McMansion Hell mixes the fun presentation of absurd houses with serious analysis and long blog posts dedicated to dormers, columns or symmetry. Did that educational aspect come along later or was it always the intention?
When I did these series about basic architectural concepts, it was because I felt it was my duty. As I was making fun of these houses, I had a responsibility to increase the architectural literacy of the general public. I also wanted more people to know about this. But I also did it simply so the jokes would land. You can’t make a joke about dormers if no-one knows what a dormer is.
Many people would probably say: “But these houses are what people want, we should not criticize them for it”. But do these houses really reflect what their owners want? Do you they really enjoy living there?
In some ways they do, as we all do. I am hyper-aware of this myself. I also like the black marble countertops in my kitchen, because they are currently considered attractive, and I do take Instagram pictures of my home and feel good about myself. That’s extremely normal. I often ask myself, what would I do if I had McMansion levels of wealth, and my answer is: I would probably go live in Europe. If I was staying in the US, I would have an apartment in an architecturally significant building, all my furniture would be nice and sculptural. And I’m not saying that’s better than someone else spending their money on a basement bar. There are different signifiers of taste. We all have private desires, and social media drives us to make these desires public. The thing is, most people don’t like to interrogate their desires. That’s what McMansion Hell does: Taking things and interrogating them.
The term of “taste” is interesting, because McMansion Hell is a good counter-argument to the usual “you can’t argue about taste”. Taste is not something you are born with, you have to work on it, and it changes all the time. And also, architects mostly don’t want to touch “taste” and “style” with a 10-ft pole, because they feel this is below them.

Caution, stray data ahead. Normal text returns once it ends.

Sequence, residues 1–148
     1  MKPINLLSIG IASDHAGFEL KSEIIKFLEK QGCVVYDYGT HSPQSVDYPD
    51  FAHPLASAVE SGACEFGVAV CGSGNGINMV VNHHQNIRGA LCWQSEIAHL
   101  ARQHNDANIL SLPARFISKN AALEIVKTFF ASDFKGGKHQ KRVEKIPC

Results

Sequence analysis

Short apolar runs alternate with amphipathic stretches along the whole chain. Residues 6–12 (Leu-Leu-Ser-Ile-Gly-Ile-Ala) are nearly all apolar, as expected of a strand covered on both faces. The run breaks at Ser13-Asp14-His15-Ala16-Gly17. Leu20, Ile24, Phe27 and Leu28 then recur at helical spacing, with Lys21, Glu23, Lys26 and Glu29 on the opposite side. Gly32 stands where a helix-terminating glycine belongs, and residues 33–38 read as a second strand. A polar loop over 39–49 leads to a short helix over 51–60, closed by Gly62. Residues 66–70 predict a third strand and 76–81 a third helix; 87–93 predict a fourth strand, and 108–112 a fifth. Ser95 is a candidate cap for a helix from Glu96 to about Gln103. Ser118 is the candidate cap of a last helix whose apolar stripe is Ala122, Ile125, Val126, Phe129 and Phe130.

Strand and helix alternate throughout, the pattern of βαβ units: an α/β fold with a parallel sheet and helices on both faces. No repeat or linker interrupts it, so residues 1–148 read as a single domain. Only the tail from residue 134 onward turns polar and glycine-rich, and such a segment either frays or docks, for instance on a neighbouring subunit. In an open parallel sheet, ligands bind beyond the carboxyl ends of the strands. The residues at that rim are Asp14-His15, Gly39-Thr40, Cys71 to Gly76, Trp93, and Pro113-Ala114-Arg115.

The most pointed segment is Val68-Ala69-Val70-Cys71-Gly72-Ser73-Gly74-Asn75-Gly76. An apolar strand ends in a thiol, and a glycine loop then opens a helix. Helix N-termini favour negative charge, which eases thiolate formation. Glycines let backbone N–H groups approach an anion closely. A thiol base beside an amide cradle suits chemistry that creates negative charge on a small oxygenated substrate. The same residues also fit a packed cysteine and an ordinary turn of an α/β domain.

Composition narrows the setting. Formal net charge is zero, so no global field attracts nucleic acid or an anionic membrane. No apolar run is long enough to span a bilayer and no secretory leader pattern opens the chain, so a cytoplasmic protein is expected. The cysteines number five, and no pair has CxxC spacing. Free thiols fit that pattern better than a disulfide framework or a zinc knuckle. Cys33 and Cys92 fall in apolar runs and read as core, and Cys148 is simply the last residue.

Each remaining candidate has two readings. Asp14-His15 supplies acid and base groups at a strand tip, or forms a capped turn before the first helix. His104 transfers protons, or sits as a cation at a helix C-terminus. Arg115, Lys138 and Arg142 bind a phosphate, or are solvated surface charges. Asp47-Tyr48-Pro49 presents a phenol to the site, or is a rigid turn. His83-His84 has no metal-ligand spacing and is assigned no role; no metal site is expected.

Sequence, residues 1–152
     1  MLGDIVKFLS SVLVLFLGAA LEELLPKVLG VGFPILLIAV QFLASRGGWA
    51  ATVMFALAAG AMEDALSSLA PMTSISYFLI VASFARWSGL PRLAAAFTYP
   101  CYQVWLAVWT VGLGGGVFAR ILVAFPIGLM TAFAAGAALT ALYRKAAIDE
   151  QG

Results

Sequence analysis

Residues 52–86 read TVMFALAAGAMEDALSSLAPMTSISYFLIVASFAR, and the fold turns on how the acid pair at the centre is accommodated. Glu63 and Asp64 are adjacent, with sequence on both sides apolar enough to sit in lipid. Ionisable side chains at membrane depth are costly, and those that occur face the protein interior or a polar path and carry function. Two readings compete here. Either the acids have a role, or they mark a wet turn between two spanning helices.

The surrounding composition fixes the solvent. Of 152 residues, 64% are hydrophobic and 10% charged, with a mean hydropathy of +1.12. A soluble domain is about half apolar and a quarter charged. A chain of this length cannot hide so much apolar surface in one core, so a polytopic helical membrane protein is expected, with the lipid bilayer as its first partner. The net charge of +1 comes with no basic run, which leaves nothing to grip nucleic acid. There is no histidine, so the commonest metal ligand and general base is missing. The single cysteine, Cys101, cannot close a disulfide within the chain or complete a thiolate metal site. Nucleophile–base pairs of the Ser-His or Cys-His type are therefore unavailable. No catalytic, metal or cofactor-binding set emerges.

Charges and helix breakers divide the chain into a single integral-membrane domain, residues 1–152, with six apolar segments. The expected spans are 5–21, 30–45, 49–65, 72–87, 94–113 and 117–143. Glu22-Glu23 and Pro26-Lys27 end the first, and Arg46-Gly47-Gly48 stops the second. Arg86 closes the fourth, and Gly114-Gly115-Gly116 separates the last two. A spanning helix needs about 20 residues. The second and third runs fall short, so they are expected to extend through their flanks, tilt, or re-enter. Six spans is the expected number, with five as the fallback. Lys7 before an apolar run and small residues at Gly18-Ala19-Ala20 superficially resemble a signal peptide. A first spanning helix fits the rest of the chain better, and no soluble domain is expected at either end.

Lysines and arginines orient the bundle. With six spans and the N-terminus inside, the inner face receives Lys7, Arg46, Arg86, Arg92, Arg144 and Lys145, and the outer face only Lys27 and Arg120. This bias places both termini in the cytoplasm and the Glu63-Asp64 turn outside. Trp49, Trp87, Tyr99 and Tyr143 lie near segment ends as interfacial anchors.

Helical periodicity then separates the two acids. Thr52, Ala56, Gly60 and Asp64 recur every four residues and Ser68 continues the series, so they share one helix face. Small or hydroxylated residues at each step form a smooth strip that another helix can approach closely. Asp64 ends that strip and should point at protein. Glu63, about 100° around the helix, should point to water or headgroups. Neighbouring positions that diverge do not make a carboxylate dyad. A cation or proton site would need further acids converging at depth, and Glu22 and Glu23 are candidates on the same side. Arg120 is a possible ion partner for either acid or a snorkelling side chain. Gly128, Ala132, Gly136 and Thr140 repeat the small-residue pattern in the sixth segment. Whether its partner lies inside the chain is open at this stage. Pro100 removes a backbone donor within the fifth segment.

This is a debate that philosophers have had forever. We like to believe there is an objective good taste. But these are consensus agreements. And the alternative arguments “all taste is good taste” and “don’t criticize people for what they like because it hurts them” are is extremely childish and stupid to me. Criticism is a part of liking things. People always think that criticism is the opposite of appreciation, when it is really analysis mixed with appreciation mixed with judgement. I think it’s very unhealthy to hold views of things that are so precious that we can’t take criticism of them. Being able to criticize things is essential for a relationship with media and with each other. Seeing the big picture increases the appreciation of things. Good criticism invites people in instead of setting arbitrary limits of taste. This is why McMansions are fascinating. I wouldn’t be doing this if I didn’t like them a little bit.
(published in German in Der Standard, 13/14 March, 2021)